Monday, October 18, 2010

From 6/09

Last Saturday at Eureka Valley Recreation Park I was one of three ( Susan Maher & Marie Callaghan on a panel of old residents to discuss life in this famous neighborhood before it became known as "The Castro."

Memories of Most Holy Redeemer school and life with the BVM nuns made for a much lively conversation. Although the other two panelists' memories where of the difficult and often cruel times with the nuns and Catholic church, I remember some positive ones also. The days at EV park was a huge positive memory for all especially for Marie who fondly reminisced about two of the directors, Dody and Clair’s, encouraging influence on her life. We all talked about how the Castro theater filled every Saturday with kids and Susan laughingly referred to Saturday picture day as the “babysitter.”

Memories of the neighborhood stores like Cliff's who put on the annual Halloween parade, costume and ice cream eating contests and the mechanical dinosaur were spoken about as were Mueller’s Swiss deli, Rossi’s meat market, ice cream shop (softies w/birdseed) and mentioned were the nine bars in two block radius. Eureka Valley was mostly Irish, Swiss, Swedes, some Italians and a then us, the Scottish immigrants.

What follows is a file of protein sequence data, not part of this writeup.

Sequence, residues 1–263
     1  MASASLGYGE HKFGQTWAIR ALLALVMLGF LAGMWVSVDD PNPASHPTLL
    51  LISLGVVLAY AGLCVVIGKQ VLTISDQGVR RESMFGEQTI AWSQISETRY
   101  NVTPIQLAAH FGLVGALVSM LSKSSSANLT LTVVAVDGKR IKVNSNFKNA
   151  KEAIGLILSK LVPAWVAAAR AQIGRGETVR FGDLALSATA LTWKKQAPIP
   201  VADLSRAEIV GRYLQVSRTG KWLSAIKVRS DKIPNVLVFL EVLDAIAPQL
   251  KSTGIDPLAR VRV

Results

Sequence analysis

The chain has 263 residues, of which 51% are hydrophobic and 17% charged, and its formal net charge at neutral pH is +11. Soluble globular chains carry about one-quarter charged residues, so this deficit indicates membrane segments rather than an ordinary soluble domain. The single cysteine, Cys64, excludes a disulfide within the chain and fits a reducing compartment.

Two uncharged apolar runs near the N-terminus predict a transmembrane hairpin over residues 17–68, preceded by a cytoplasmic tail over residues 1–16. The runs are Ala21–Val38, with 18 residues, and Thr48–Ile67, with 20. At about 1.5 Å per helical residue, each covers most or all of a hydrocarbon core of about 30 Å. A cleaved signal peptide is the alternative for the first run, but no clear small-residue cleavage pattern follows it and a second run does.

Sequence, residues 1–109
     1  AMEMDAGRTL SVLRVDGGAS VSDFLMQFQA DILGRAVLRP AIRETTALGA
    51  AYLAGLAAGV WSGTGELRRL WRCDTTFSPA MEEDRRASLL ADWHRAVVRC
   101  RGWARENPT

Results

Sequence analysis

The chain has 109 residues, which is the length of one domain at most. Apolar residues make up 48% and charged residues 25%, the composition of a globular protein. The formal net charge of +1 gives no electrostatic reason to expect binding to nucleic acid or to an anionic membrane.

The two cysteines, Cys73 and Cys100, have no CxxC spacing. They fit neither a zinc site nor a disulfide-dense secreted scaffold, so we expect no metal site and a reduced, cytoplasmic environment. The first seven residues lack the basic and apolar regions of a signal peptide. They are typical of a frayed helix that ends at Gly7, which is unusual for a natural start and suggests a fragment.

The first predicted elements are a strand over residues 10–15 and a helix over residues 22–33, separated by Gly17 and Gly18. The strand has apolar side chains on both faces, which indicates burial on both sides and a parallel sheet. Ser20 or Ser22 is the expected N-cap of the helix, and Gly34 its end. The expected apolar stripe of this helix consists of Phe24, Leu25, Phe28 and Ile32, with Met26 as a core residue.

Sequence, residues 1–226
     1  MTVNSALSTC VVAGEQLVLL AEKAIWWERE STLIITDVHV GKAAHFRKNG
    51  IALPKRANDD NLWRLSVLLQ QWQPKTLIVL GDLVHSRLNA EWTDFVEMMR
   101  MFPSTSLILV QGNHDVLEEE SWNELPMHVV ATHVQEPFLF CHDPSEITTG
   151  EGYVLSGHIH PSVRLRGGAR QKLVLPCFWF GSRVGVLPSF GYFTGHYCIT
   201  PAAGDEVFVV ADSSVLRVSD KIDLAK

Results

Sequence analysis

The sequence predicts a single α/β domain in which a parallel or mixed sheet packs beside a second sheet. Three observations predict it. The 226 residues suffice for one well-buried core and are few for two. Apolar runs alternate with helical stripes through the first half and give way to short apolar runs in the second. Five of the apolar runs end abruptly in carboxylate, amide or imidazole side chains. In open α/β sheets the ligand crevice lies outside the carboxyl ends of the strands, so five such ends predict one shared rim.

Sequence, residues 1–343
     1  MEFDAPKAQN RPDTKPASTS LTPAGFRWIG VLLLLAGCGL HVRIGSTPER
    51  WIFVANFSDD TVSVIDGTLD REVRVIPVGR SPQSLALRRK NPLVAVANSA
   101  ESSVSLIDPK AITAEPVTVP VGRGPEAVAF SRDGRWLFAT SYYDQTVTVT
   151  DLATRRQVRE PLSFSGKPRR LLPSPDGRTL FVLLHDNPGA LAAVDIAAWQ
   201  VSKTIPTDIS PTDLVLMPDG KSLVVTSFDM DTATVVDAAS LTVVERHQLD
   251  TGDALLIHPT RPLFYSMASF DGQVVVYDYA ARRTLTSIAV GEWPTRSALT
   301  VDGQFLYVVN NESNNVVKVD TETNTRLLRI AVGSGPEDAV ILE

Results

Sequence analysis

I mentioned that my family's first home in the US was on Market Street, (featured in my novel The Skye in June) is now a center for psychic classes (ESP/Tarot) and readings, a coincidence since one character in my story experiences psychic phenomena lived at that very address. Then I read an excerpt from my novel.

There were many questions and sharing from the audience. The Sisters of Perpetual Indulgence with their headdresses, white faces and colorful dresses and who generously contributed and sponsored the event - Friends of the Library, had questions about life with the nuns and the first signs of the changing of the neighborhood into the gay mecca it was to become. Other in the audience shared historical facts and stories. One saying that Eureka Valley was the heart (center) of San Francisco. It holds a huge part in my heart.

Former owner of Thomas’ Cleaners spoke and had a table with antique irons including one heated by a Coleman gas contraption as well as some cast iron ones and early electric ones.

Author Jim Strange (Strange de Jim) presented a slide show and his book, San Francisco’s Castro.

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